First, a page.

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Am in a situation to hold pointers in a vector just so that I can use them to release the memory in the dtor.

I have an object listening for callbacks(slots) from the boost signals.These objects needed to have a scope larger than the method its being created in as it should be listening to the boost signals emitted much later than where it is created.So, I had to allocate the memory in heap and immediately subscribes to boost signals using that instance.

Now these objects should be deallocated from memory when the class holding the signals are destroyed.Now what are my options,

  • Does boost deallocate all these objects when boost signal goes out of scope and all listening boost:bind objects are destroyed??

  • Will shared pointer or smart pointer help me in this?

  • Do I have to have a vector of all these pointers in the Signaling Service to deallocate in its desctructor?Is there a better way?

    void methodA(){
    
    CallbackHandler* cbHandler=new CallbackHandler(..);    //Allocating in heap as we want to receive boost signals on  
                                                           //this instance even after this method exits
    signalingService.subscribeToCertainSignals(signalType,boost::bind(&CallbackHandler::boostSlotListener,cbHandler,_1));
    }
    
    
    // Boost Signal -SignalingService
     boost::signal<void (const std::string &msg)> signal1;
     boost::signal<void (const std::string &msg)> signal2;
    
     void subscribeToCertainSignals(const std::string& signalType,boost::function<void (const std::string& str)> bindObject){
            this->signal1.connect(bindObject);
            this->signal2.connect(bindObject);
    
     }
     void sendSignals(A a){
         if(check){
            this->signal1("somestring1");
          }else{
            this->signal1("somestring1");
          }
    

    };

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I am a java developer just started C++ programming. Started reading a few good C++ books but still trying to find my way. Please advice if something is fundamentally wrong. –  Yeshvanthni Apr 11 '12 at 20:22

1 Answer 1

One way you could do this would be to store shared_ptrs to all the listeners in the object holding the signals, and weak_ptrs to the listeners outside. When the object holding the signals is destructed, the reference count in each of the shared_ptrs will go to 0 and the listeners pointed to will be deleted. Now, when you next try and lock the weak_ptrs to access the listeners from outside the object holding the signals, the locking will fail because the pointees will have been deleted - this is easy to detect because lock will return a null shared_ptr.

Here's a concrete example for you (not using Boost.Signals unfortunately, just to illustrate the point):

#include <iostream>
#include <memory>
#include <vector>

class Listener
{
public:
    virtual ~Listener() {}
    virtual void signal() = 0;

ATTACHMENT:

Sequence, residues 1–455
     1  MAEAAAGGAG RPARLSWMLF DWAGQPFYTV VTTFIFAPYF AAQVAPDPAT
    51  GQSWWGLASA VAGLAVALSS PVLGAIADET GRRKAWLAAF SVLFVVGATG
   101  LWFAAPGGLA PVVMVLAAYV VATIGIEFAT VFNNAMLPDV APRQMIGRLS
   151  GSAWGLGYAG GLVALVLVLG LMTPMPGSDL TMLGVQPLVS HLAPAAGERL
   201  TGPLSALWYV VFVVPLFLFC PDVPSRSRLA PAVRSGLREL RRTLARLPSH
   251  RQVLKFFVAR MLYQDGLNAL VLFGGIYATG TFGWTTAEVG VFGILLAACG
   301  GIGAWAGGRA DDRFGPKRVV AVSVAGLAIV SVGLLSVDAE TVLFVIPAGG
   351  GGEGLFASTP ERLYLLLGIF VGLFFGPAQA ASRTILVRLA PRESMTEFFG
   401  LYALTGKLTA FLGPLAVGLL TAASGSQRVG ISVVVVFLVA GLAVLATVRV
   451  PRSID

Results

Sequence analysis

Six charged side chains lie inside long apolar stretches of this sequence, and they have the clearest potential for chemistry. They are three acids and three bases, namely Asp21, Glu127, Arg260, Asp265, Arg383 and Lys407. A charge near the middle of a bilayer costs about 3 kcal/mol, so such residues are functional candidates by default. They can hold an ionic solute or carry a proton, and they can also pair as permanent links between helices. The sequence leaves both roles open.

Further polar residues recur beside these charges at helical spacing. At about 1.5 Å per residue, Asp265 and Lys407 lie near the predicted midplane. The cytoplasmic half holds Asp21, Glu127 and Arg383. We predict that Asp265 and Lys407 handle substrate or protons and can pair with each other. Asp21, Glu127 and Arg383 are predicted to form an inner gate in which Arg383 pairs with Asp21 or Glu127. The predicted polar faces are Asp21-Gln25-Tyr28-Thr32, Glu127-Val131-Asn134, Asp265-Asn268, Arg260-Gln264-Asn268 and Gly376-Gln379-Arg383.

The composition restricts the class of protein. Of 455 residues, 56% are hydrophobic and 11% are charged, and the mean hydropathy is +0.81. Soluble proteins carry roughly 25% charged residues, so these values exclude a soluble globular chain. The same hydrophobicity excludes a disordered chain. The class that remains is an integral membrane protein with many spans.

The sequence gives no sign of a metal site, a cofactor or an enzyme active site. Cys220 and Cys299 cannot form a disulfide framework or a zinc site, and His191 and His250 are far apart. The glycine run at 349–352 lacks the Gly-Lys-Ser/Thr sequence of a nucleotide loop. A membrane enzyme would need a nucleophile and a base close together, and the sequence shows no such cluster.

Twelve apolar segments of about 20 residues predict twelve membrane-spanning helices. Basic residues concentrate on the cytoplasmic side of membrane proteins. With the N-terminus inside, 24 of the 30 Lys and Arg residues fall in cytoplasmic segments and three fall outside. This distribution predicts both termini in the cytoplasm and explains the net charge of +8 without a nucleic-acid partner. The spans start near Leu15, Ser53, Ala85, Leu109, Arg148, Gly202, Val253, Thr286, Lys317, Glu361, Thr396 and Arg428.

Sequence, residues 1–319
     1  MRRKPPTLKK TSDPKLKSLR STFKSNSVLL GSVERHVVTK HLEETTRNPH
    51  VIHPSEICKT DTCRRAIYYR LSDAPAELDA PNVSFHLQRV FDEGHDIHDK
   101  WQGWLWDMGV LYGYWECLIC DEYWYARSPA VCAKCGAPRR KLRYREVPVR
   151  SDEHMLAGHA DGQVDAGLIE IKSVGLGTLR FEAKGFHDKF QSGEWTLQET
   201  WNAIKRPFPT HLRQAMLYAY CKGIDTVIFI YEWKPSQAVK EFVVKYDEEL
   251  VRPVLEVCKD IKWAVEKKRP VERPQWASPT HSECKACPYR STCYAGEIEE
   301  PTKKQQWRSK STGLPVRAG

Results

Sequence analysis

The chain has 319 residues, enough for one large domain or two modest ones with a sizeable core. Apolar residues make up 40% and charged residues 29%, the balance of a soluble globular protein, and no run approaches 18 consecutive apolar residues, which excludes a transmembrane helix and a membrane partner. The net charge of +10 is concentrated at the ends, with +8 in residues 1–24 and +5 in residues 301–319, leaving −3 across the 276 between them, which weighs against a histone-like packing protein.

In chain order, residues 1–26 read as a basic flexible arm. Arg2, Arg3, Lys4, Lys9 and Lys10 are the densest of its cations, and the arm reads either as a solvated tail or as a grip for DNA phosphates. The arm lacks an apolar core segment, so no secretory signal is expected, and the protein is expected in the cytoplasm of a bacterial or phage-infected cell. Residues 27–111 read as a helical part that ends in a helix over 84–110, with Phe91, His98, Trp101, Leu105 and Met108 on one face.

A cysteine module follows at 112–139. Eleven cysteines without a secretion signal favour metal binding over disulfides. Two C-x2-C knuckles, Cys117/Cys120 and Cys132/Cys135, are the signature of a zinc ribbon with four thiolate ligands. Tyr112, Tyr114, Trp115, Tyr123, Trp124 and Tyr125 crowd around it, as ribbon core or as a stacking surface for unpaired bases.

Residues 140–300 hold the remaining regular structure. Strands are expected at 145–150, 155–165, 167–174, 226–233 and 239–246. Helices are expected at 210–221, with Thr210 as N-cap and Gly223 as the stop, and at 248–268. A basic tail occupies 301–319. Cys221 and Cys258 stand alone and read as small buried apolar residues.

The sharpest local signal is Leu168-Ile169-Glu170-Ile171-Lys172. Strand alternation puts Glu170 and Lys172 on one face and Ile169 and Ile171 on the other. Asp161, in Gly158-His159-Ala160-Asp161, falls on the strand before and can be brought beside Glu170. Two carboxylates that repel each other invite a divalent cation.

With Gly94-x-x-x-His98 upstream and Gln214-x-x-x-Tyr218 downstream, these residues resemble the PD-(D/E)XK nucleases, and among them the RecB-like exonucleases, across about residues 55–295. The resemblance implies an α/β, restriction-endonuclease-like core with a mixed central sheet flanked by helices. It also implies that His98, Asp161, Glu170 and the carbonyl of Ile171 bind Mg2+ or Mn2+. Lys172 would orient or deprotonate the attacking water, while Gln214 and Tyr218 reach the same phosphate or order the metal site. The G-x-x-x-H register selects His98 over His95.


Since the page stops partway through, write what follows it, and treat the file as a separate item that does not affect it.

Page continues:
};

class Subject
{
private:
    std::vector<std::shared_ptr<Listener> > m_listeners;
public:
    void add_listener(const std::shared_ptr<Listener>& listener)
    {
        m_listeners.push_back(listener);
    }

    void signal_all()
    {
        // Note that you could use "auto it = ..." here in C++11.
        for(std::vector<std::shared_ptr<Listener> >::iterator it=m_listeners.begin(), iend=m_listeners.end(); it!=iend; ++it)
        {
            (*it)->signal();
        }
    }
};

class MyListener : public Listener
{
    void signal()
    {
        std::cout << "Signalled!\n";
    }
};

int main()
{
    std::vector<std::weak_ptr<Listener> > listeners;

    {
        Subject s;  

        std::shared_ptr<Listener> listener(new MyListener);
        s.add_listener(listener);
        listeners.push_back(listener);
        listener.reset();

        s.signal_all();

        // Locking the listener yields the listener here.
        std::cout << listeners[0].lock() << '\n';
    }

    // Locking the listener now yields null because s no longer exists.
    std::cout << listeners[0].lock() << '\n';

    return 0;
}

This outputs:

Signalled!
<some valid non-null address>
00000000
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Thanks for the response.!!I was thinking on similar lines.So I would have to have a vector of pointers to listeners which can be used at the destructor to release or allow for the shared_ptr to do its work. But I don't seem to understand the vector of weak_ptr. –  Yeshvanthni Apr 12 '12 at 1:33
    
Those are just the listeners outside the subject - they don't have to be stored in a vector. Note that Subject doesn't need an explicit destructor - when its instance goes out of scope and gets destructed, so does its internal vector and all the shared_ptrs inside it. –  Stuart Golodetz Apr 12 '12 at 7:28
    
If it's weak_ptr itself you're unfamiliar with, see here: boost.org/doc/libs/1_49_0/libs/smart_ptr/weak_ptr.htm –  Stuart Golodetz Apr 12 '12 at 7:30
    
Thanks. That really helped –  Yeshvanthni Apr 12 '12 at 13:50

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